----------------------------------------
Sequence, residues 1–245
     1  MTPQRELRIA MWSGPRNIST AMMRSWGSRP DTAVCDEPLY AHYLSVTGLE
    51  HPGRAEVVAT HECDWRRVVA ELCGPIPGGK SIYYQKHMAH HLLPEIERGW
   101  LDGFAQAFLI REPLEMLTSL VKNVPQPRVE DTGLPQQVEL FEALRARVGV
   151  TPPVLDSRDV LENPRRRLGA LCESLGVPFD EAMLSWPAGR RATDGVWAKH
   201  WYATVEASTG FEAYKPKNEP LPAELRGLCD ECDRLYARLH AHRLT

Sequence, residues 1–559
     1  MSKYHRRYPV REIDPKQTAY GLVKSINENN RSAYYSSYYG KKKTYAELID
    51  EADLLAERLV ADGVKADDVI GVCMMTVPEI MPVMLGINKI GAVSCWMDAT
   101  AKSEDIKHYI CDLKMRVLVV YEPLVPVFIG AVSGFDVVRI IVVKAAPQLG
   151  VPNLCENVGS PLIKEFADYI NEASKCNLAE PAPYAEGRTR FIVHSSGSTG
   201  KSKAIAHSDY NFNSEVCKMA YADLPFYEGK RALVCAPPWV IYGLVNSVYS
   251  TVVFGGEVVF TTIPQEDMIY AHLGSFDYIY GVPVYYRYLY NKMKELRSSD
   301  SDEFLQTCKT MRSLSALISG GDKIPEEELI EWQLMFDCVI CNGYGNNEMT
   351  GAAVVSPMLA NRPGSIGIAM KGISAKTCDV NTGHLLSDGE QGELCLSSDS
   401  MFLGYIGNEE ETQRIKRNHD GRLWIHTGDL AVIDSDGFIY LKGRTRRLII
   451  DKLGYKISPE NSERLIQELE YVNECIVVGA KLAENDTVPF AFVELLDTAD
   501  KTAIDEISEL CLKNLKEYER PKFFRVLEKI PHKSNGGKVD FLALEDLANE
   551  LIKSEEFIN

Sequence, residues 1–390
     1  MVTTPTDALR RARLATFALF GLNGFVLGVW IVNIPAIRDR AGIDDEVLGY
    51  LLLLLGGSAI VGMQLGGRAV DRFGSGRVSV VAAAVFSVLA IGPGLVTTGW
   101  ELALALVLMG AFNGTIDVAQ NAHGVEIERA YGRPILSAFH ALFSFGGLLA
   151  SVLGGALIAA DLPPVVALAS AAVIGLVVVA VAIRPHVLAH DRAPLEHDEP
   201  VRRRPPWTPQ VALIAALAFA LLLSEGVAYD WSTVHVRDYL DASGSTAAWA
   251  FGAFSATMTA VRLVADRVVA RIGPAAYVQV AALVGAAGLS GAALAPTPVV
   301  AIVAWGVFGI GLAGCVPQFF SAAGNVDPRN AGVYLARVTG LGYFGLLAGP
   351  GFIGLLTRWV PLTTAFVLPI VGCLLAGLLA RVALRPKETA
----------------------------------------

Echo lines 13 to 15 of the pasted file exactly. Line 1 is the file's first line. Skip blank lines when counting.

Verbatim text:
   251  TVVFGGEVVF TTIPQEDMIY AHLGSFDYIY GVPVYYRYLY NKMKELRSSD
   301  SDEFLQTCKT MRSLSALISG GDKIPEEELI EWQLMFDCVI CNGYGNNEMT
   351  GAAVVSPMLA NRPGSIGIAM KGISAKTCDV NTGHLLSDGE QGELCLSSDS